WHITMAN v. DEPT. OF TRANSPORTATION

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Case Basics
Docket No. 
04-1131
Petitioner 
Terry L. Whitman
Respondent 
Department of Transportation, et al.
Advocates
(argued the cause for Petitioner)
(argued the cause for Respondents)
Term:
Facts of the Case 

Terry Whitman works as an air traffic assistant for the Federal Aviation Administration (which is part of the Department of Transportation). Federal law requires that FAA employees who perform "safety-sensitive functions" submit to random drug tests. Whitman brought suit in federal district court, claiming that the FAA was testing him for substance abuse three times more often than other people holding similar positions. The disproportionate testing, he argued, violated his "First Amendment right to privacy" as well as his statutory rights, because the testing was not truly random.

The district court dismissed the suit, finding that the Civil Service Reform Act requires complaint's like Whitman's to be decided through the arbitration procedures set forth in the collective bargaining agreement between the FAA and the National Association of Government Employees. The Ninth Circuit Court of Appeals affirmed.

Question 

Does the Civil Service Reform Act prevent a federal employee from bringing suit against his employer in federal district court to challenge alleged constitutional and statutory violations?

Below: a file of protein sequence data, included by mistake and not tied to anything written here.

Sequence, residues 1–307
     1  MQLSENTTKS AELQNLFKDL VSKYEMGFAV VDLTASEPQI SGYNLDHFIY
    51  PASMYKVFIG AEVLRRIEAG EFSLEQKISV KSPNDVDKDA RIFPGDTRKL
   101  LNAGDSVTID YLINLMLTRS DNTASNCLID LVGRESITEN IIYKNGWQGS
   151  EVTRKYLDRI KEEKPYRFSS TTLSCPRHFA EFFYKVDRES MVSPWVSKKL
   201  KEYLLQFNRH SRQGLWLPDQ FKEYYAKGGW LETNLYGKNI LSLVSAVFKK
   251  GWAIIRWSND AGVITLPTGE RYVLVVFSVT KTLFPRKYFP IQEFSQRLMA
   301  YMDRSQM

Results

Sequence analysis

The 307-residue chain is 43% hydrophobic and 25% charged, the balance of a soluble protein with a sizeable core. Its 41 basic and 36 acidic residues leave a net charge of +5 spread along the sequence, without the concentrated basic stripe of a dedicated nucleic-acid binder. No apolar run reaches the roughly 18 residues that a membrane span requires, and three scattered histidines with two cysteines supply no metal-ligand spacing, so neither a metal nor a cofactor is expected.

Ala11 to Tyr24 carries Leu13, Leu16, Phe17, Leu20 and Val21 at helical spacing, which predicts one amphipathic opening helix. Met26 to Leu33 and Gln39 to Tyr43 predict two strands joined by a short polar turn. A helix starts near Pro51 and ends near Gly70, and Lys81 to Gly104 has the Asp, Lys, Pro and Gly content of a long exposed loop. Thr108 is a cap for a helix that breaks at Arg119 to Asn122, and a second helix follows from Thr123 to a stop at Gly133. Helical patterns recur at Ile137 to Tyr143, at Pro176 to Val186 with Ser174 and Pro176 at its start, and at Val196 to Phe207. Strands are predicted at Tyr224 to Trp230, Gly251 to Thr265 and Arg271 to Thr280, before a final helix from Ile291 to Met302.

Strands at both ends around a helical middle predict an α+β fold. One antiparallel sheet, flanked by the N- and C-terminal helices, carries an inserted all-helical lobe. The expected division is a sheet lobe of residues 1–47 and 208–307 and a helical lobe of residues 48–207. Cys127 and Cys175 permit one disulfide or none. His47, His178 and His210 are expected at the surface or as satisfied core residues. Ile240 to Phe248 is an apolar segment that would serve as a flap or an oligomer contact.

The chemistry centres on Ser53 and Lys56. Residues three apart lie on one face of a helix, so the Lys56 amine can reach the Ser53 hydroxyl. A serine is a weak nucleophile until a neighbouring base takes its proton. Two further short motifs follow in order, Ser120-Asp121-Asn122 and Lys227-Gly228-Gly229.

Conclusion 
Decision: 8 votes for Whitman, 0 vote(s) against
Legal provision: 5 U.S.C. 1101

No. In an anonymous 8-0 opinion, the Court reversed the Circuit Court of Appeals. The Court explained that while the Civil Service Reform Act does not itself enable federal courts to hear civil suits, neither does it remove the jurisdiction over civil suits that federal courts have under other statutes. The Justices declined to rule on whether the District Court should have taken Whitman's case, because lower courts had not determined exactly "where Whitman's claims fit within the statutory scheme." The Court sent the case back to the Court of Appeals with instructions to rule on this question. (Justice Alito took no part in the decision of this case.)

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WHITMAN v. DEPT. OF TRANSPORTATION. The Oyez Project at IIT Chicago-Kent College of Law. 10 September 2014. <http://www.oyez.org/cases/2000-2009/2005/2005_04_1131>.
WHITMAN v. DEPT. OF TRANSPORTATION, The Oyez Project at IIT Chicago-Kent College of Law, http://www.oyez.org/cases/2000-2009/2005/2005_04_1131 (last visited September 10, 2014).
"WHITMAN v. DEPT. OF TRANSPORTATION," The Oyez Project at IIT Chicago-Kent College of Law, accessed September 10, 2014, http://www.oyez.org/cases/2000-2009/2005/2005_04_1131.